Fathers and Sons | Study Guide

Ivan Turgenev

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Course Hero. "Fathers and Sons Study Guide." Course Hero. 6 Feb. 2018. Web. 24 Jan. 2019. <https://www.coursehero.com/lit/Fathers-and-Sons/>.

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Course Hero. (2018, February 6). Fathers and Sons Study Guide. In Course Hero. Retrieved January 24, 2019, from https://www.coursehero.com/lit/Fathers-and-Sons/

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Course Hero. "Fathers and Sons Study Guide." February 6, 2018. Accessed January 24, 2019. https://www.coursehero.com/lit/Fathers-and-Sons/.


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Fathers and Sons | Chapter 9 | Summary



Bazarov walks through the garden commenting on the trees Arkady's father has planted. He nudges Arkady and comments on Nikolai's "good taste" when he sees Fenitchka relaxing under a tree with Mitya. Bazarov approaches them and flirts with Fenitchka under the ruse of offering medical advice. Fenitchka doesn't seem bothered, whereas the maid, Dunyasha, blushes and giggles like a schoolgirl. Soon after flirting with Fenitchka Bazarov annoys Arkady by calling Mitya an "extra heir" and cruelly teases him about his moral desire for Nikolai and Fenitchka to marry. When Bazarov hears Nikolai playing the cello in the distance, he laughs out loud at the ridiculousness of a middle-aged man in the country playing an instrument.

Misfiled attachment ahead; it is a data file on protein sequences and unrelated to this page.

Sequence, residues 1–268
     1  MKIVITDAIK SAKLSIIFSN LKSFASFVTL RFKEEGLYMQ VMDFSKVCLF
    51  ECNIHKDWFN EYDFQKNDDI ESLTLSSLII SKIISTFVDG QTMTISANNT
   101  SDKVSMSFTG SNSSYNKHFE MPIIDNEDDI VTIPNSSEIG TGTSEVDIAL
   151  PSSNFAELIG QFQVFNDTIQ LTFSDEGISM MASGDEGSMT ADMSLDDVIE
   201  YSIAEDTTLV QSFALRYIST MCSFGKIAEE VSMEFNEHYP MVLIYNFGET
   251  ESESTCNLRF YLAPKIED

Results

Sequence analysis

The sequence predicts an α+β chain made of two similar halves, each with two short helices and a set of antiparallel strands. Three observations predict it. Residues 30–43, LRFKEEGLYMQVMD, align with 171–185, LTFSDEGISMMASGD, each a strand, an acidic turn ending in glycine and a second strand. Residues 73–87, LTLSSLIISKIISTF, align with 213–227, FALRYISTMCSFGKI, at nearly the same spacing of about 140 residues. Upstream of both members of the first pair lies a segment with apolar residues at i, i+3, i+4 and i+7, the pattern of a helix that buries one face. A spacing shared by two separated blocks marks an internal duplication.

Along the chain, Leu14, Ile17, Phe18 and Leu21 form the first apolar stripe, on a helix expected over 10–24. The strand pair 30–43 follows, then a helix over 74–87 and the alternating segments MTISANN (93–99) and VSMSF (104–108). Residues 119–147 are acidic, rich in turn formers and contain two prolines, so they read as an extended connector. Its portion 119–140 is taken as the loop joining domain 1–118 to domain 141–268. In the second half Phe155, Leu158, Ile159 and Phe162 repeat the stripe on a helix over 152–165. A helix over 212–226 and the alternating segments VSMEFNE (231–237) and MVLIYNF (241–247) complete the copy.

Bazarov behaves badly once again, as a know-it-all about the trees Nikolai has planted, and his deliberately cruel comments about Arkady's family strike Arkady as deeply offensive. Although Arkady was able to forgive Bazarov's views of Pavel because Pavel represents the gentry Bazarov so deeply despises, his attacks against Nikolai's music, Arkady's love of nature, and the presence of innocent baby Mitya feel personal and unwarranted. Their relationship begins to change as Arkady continues to distance himself from the harsher of Bazarov's views and what seem unnecessarily spiteful.

Bazarov shows another side of his character when interacting with Fenitchka and Mitya. He flirts easily with Fenitchka and Dunyasha and has more luck playing with baby Mitya than Arkady does. As he easily gained rapport with the servant boys while looking for frogs, Bazarov shows himself at ease with people, suggesting despite his cold exterior, Bazarov has the ability to connect with others, should he desire, and he can behave graciously. As he assures Arkady, "I know how to behave myself." His desire to exhibit friendly behavior, however, likely runs toward connecting with servants as he demonstrates little but disdain for the gentry.

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